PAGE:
ECU Prototype Test System for Thermal Power Control

cRIO HIL-solution for software and hardware testing at Azelio


This study describes a project that WireFlow executed for Azelio.

Azelio is working on new ways to store renewable energy, so it can be made available when it is most needed. They combine the well-known Stirling engine, with an innovative Thermal Energy Storage using the phase changing characteristics of a metal alloy, to recover the energy during the dark hours. During the development they needed a flexible testbed for RnD and validation.

The system was built in LabVIEW and used standard I/O as well as custom electronics to realize the customer requirements.

Keywords: LabVIEW, Python, CompactRIO, EtherCAT, ThermoCouple

The Challenge

The challenge with a prototype test system is just that – it will be testing prototypes. This means that requirements and I/O probably will change during development. Another challenge is how to access the I/O on the CompactRIO platform from the Python test environment Azelio uses.

The requested test system was originally required to support ~60 I/O channels, including a number of thermocouple simulators (both Type-K and Type-R) as well as different industrial communication buses like CAN and Modbus. It also had to be able to simulate a number of loads to create a realistic environment to the Device Under Test (DUT)

During the project the scope changed to include ~120 I/O channels, with new signal types such as PT100 simulations.

Since the prototypes might change in the future the system must also be easy to upgrade without too much work.

The Solution

The system was built as a 19” half-height cabinet with the high voltage parts placed in a closed box. The I/O was placed on retractable shelves for easy access in case the prototype requirements changed in the future. One shelf in the cabinet was dedicated to the DUT.


WireFlow designed the test system based on the modular CompactRIO platform from National Instruments™ (NI). It took one cRIO chassis plus one additional EtherCAT expansion chassis to be able to support the channel count in the system.

In order to support the amount of thermocouple (TC) channels, WireFlow developed a TC simulation board that is able to output the voltages corresponding to the Type-K and Type-R voltages (microvolt range). This TC board connects to a standard C Series AO module from NI, and combined with the scaling and calibration capabilities of the software it delivers TC voltages for the full temperature range, with a 0.5 degree resolution. A total of three TC boards were fitted in the system.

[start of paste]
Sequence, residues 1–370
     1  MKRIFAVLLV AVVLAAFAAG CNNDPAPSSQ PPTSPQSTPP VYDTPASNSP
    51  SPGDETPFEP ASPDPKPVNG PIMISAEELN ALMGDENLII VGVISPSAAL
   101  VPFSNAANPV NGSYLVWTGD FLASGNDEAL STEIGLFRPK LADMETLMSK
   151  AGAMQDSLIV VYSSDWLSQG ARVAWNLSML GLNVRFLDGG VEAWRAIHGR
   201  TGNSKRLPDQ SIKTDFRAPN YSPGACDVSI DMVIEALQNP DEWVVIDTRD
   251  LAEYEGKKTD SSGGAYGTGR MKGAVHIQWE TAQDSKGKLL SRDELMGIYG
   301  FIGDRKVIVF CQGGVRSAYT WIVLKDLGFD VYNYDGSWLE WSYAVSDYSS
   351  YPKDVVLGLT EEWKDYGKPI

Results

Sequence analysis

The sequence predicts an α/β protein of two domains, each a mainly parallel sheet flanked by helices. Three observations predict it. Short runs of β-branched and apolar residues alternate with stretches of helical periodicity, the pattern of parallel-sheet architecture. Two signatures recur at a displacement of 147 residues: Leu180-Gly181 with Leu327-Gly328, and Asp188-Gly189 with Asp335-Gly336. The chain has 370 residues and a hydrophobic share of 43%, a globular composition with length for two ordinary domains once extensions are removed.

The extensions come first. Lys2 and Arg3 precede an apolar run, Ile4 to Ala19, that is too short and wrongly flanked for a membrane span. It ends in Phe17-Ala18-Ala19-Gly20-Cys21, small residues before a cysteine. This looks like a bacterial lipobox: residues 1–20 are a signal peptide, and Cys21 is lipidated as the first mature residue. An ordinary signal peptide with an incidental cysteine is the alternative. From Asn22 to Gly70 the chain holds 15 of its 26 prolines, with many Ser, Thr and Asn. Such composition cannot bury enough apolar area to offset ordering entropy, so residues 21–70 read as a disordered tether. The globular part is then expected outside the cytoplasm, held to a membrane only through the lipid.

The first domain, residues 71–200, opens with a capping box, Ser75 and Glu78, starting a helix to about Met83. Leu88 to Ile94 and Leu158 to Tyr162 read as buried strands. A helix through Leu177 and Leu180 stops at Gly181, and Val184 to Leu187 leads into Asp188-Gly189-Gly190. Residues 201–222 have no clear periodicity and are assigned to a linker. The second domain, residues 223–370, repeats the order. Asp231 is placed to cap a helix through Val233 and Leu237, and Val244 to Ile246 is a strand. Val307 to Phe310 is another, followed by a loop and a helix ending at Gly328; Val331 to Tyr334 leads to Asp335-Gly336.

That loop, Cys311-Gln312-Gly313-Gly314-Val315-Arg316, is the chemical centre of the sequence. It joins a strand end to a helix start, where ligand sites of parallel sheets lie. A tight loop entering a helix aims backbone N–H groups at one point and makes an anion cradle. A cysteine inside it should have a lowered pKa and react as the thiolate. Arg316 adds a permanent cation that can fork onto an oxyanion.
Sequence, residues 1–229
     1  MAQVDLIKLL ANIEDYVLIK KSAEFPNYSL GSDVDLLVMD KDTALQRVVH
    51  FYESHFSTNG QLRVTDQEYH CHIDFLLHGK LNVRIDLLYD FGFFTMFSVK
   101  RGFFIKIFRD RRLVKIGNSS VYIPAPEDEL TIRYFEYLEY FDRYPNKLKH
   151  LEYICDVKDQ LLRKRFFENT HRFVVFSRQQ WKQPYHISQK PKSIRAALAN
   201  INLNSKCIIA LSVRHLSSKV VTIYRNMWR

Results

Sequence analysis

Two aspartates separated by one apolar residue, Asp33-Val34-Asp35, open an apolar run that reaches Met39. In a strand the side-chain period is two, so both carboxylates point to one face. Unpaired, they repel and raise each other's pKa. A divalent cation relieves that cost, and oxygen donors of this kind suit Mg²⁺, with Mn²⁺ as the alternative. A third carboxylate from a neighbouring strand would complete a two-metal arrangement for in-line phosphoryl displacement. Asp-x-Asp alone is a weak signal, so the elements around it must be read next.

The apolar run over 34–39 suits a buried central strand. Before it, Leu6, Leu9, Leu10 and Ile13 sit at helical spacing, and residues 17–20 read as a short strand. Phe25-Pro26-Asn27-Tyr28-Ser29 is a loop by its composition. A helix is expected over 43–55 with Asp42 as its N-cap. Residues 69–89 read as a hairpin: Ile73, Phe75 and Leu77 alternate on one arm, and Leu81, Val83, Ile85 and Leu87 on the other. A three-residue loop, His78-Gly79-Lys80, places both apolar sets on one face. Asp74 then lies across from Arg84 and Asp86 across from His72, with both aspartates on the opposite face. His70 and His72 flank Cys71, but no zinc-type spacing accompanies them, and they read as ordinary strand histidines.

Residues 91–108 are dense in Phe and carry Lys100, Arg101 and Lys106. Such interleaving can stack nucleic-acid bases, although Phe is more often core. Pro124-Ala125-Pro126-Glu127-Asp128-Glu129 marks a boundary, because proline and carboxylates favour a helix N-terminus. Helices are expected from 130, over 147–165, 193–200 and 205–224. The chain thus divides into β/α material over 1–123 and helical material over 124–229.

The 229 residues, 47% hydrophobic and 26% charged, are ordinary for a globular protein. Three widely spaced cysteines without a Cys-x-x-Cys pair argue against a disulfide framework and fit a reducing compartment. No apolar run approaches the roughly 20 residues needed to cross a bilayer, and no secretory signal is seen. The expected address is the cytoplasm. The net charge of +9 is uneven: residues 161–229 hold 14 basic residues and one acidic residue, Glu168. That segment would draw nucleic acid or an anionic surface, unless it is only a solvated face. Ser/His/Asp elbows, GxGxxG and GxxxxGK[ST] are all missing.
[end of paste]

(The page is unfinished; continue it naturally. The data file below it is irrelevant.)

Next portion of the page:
Simulating PT100 temperature sensors is different than TCs because of the way they work. PT100 sensors don’t have any thermal voltage, but instead returns a resistance corresponding to the temperature. The WireFlow WF3144 Programmable Resistor Module was created for exactly this type of resistive simulation, so no special electronics had to be developed. Scaling is done in the software to convert temperature to the expected PT100 resistance.

Both CompactRIO and EtherCAT have the ability to support both standard I/O modules through Scan Mode as well as custom I/O channels using LabVIEW FPGA. Since WF3144 is a third party module, and because the system is going to both generate and measure PWM signals, the FPGAs in both the CompactRIO and the EtherCAT chassis are programmed. The EtherCAT FPGA I/O is accessed through Scan Mode using User Defined Variables, and the FPGA I/O on the Compact RIO is accessed using the dynamic capabilities of the WireFlow measurement engine.

The real system consists of several external devices, and in order to make the DUT believe that the real system is actually connected; the test system also uses loads matching the real devices. These loads are placed inside the cabinet with enough ventilation to be able to dissipate all the heat generated in the load resistors.

A Power distribution box keeps the 230V separated from the other signals, and allows the customer to select 24V and/or 230V supply for the DUT, and this is even remote controlled.